Speech Technology Magazine

 

Q&A: Wolf Paulus on the Engineering of Emotion

At the 2019 SpeechTEK Conference, Wolf Paulus, Principal Engineer, Technology Futures, Intuit and University of California, Irvine will be exploring "The Engineering of Emotion." Conference Chair Jim Larson interviewed Paulus to get a sneak peek at the session and explore the world of sentiment analysis.
Posted Mar 22, 2019
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At the 2019 SpeechTEK Conference (April 29-May 1), Wolf Paulus, Principal Engineer, Technology Futures, Intuit and University of California, Irvine will be exploring "The Engineering of Emotion." Conference Chair Jim Larson interviewed Paulus to get a sneak peek at the session and explore the world of sentiment analysis.

Q: What user emotions can be detected from the text that is spoken or voiced by the user?
A: Basic sentiment or attitude for very negative to very positive can be detected in user input. If the input is less subtle, multiple dimensions of tone like joy, sadness, anger, fear and even frustration and impoliteness can be detected.
 
Q: What user emotions can be extracted from the user’s voice?
A: Happiness, sadness, anger, and fear can be recognized in a user's voice with some accuracy, especially, if the sample exceeds three seconds.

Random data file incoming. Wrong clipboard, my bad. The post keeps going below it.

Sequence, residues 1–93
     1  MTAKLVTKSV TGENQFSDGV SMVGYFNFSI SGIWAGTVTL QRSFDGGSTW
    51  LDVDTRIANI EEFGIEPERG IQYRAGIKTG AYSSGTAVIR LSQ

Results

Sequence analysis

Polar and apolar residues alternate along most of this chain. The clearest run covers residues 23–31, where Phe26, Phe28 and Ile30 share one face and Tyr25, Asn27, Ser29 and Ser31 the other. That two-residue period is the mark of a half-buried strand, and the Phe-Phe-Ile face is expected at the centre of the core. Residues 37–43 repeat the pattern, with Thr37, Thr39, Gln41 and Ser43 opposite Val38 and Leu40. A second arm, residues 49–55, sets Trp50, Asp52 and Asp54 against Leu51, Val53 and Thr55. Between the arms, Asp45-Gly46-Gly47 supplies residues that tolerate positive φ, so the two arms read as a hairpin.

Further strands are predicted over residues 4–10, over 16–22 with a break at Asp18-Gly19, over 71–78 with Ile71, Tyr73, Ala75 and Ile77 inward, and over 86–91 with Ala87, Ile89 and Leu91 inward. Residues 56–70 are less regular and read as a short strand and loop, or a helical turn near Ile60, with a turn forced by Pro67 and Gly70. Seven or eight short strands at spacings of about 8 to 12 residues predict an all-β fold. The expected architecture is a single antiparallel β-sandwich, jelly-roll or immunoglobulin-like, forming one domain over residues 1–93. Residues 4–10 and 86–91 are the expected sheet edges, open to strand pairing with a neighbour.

Q: What other techniques can be used to detect user emotions?
A: Using emotion detection in a user’s facial expressions works with good accuracy but users often reject being “filmed.” Therefore analyzing their voice and text input for sentiment seems is an effective way to gain inside.
 
Q: How can users make use of detected emotions?
A: In my the talk at SpeechTEK, I explore how we can use tools and techniques (which were developed to detect emotion and sentiment in user input), to validate that the responses we create for CUIs and VUIs, show the intended sentiment or attitude. To make sure the skills or bots we are building responds kindly, considerately and empathically if warranted.


Register for SpeechTEK today to learn more about The Engineering of Emotion. 

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